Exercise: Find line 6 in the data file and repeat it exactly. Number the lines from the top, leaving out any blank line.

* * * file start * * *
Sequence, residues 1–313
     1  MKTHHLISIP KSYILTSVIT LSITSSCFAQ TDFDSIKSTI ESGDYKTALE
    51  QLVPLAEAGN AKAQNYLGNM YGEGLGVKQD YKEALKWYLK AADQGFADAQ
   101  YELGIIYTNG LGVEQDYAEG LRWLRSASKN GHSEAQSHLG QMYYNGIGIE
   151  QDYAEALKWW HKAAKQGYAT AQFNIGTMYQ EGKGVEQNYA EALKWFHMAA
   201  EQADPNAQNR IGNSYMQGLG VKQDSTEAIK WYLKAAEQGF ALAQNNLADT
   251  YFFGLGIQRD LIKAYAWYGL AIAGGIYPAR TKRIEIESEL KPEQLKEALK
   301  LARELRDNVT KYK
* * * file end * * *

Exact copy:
   201  EQADPNAQNR IGNSYMQGLG VKQDSTEAIK WYLKAAEQGF ALAQNNLADT